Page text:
ISLAMABAD: Around half of all government primary schools in Sindh and Balochistan and 29pc in Pakistan as a whole have only one teacher each.

This was stated in the Pakistan Education Atlas 2016, which added that currently 36,408 primary schools in the country were run by one teacher each.

Pakistan is the second country after Nigeria with over six million out-of-school children. The report said there were total 124,070 primary schools in the country.

Balochistan topped the list with 54pc single-teacher schools followed by Sindh with 47pc, KP 19pc and Punjab 15pc. In Gilgit-Baltistan, which has 797 primary schools, 281 of the institutions (35pc) had only one educator each.

Interestingly, the situation in Fata was satisfactory where out of the 5,114 schools only 370 (seven per cent) had one teacher. In AJK, seven per cent of the total 4,202 schools had single teacher.

“The quality of the process of education can be measured with the help of key indicators such as pupil-teacher ratio, pupil-classroom ratio and the availability of physical facilities,” the report stated. There are several deficiencies in these three sectors as currently the average teacher-student ratio in the country is 1:37.

South Waziristan has the ideal 1:13 teacher-student ratio as it has total 20,161 students and 1,532 teachers. But in Bajaur, there is an alarming teacher-student ratio of 1:108. The area has only 1,275 teachers for 137,148 students.

The report said Islamabad had 1:19 teacher-student ratio but sources in the Federal Directorate of Education said on the ground the situation was very different as in many schools there were only two to three teachers for over 100 students.

“This data is based on the total number of teachers and students but the problem is in rationalisation of teachers in schools which has been creating problems as many schools are under-staff and many are burdened,” said an official of the FDE, who requested not to be named.

The Atlas, which was jointly launched by the Ministry of Federal Education and Professional Training and the United Nations World Food Programme on Tuesday, stated that school enrolment was still an area of concerns as about 22 million of the total population belonged to the age group of 5-9 and of these about 6.1 million children were out of school.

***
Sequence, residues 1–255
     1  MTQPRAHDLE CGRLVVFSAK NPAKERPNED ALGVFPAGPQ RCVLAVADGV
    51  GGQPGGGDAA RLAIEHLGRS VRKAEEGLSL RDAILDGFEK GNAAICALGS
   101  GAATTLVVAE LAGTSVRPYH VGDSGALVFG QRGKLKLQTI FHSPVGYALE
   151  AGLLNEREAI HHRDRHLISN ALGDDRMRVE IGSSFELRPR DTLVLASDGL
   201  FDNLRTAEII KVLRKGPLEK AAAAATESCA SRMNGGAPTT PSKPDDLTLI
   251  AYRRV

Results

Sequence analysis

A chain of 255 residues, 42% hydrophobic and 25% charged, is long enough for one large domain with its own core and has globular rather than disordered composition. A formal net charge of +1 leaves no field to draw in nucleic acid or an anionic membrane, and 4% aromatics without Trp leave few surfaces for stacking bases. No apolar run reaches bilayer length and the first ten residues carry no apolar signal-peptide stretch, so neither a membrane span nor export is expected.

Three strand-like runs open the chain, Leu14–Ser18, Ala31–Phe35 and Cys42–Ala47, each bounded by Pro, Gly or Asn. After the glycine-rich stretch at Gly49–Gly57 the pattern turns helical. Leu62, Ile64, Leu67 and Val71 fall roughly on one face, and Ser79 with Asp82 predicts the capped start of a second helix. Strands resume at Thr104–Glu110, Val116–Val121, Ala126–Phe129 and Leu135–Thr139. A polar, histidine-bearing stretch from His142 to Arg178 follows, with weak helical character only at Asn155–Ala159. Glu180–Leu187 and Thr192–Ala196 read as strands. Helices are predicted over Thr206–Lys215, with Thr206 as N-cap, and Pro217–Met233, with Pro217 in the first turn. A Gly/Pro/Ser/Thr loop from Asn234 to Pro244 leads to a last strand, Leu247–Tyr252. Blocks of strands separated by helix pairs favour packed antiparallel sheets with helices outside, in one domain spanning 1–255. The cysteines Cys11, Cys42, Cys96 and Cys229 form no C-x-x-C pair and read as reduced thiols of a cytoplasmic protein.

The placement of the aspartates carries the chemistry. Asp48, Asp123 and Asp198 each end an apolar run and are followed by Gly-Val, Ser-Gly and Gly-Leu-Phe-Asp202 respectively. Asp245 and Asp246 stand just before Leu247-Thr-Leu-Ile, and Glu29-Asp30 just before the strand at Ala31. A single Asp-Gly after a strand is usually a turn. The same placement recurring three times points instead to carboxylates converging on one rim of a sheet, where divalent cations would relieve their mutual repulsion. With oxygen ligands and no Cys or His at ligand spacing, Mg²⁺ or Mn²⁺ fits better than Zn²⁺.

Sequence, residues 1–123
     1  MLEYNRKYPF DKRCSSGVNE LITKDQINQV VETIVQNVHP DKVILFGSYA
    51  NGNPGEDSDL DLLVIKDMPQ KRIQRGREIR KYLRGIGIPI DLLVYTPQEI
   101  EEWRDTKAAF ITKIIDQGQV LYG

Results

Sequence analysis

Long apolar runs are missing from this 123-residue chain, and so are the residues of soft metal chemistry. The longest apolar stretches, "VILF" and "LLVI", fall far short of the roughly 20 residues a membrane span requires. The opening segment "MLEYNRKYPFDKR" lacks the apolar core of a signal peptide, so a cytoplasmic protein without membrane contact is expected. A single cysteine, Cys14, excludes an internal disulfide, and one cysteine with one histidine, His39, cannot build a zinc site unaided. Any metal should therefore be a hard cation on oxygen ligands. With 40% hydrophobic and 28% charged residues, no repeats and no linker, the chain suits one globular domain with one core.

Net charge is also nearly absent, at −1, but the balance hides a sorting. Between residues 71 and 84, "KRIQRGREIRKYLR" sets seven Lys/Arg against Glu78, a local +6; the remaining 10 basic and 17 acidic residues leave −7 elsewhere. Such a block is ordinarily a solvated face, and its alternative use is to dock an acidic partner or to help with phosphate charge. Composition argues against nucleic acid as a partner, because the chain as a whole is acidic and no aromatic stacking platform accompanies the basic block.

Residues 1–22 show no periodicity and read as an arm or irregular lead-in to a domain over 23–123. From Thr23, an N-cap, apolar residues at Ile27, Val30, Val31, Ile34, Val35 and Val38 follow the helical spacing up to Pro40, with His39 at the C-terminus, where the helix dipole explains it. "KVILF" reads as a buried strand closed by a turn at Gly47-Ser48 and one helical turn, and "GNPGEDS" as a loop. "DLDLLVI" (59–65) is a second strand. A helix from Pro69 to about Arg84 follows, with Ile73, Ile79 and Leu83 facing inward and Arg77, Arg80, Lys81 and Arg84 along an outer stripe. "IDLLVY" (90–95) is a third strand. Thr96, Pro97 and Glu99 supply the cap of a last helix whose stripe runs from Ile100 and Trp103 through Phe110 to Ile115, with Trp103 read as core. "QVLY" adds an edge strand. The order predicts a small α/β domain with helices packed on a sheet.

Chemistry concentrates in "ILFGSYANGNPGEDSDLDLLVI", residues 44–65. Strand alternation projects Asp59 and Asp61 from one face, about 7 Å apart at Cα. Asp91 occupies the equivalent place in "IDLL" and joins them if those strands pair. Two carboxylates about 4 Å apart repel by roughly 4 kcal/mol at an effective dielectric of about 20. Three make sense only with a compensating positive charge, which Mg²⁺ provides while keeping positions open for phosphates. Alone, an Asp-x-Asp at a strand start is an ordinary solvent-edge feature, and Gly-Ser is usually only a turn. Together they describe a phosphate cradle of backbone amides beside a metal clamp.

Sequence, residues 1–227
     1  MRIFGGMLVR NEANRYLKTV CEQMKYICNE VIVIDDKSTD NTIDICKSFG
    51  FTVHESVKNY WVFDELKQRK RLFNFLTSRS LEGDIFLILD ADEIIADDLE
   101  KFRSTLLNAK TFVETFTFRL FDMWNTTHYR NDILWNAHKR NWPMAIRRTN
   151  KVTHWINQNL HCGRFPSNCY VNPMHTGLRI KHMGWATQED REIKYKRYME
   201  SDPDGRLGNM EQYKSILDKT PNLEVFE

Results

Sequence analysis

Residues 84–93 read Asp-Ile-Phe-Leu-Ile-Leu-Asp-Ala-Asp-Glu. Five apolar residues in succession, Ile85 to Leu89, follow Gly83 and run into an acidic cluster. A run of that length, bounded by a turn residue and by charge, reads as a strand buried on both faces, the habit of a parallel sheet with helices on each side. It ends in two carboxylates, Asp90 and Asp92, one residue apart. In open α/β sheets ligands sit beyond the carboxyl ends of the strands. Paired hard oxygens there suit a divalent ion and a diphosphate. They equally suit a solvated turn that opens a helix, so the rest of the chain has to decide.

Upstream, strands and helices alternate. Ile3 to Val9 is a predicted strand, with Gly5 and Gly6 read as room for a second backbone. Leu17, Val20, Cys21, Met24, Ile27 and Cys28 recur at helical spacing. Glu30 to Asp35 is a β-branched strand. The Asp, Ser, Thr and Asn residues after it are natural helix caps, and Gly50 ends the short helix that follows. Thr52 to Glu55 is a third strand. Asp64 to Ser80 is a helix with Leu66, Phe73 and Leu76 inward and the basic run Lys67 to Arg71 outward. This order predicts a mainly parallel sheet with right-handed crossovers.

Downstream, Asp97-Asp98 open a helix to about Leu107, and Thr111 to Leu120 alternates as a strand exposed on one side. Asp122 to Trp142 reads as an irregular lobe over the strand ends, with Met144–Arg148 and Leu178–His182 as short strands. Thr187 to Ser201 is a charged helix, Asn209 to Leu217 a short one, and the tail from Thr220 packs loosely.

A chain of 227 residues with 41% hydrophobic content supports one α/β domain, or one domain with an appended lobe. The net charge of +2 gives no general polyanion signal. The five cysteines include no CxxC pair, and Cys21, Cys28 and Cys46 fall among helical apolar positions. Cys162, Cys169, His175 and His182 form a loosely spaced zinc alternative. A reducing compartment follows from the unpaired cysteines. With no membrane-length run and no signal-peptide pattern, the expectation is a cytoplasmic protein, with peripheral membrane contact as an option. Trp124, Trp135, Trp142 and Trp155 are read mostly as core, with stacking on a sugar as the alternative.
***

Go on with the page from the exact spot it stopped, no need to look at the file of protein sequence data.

It said only 69pc of students who started Grade 1 stayed on to Grade 5. The report said currently 33pc of government schools had no drinking water while 31pc were without toilets, 43pc without electricity and 29pc had no boundary walls.

The Atlas urged the government to increase the education budget to four per cent of the budget to bringing improvement to the sector.

Speaking at the launching ceremony, Secretary Ministry of Federal Education and Professional Training Haseeb Athar said the updated, credible and detailed information in the Atlas could assist the government in making informed policy and programme for education sector.

Lola Castro, the WFP country director, said the data from the Atlas also served as a baseline for measuring progress towards the fourth Sustainable Development Goal), which aimed to ‘ensure inclusive and equitable quality education and promote lifelong learning opportunities for all.’

Speaking to Dawn, Nasir Amin, one of the authors of the Atlas, said there was a need to pay special focus to improve the quality of education and physical infrastructure in schools.

Published in Dawn, September 28th, 2016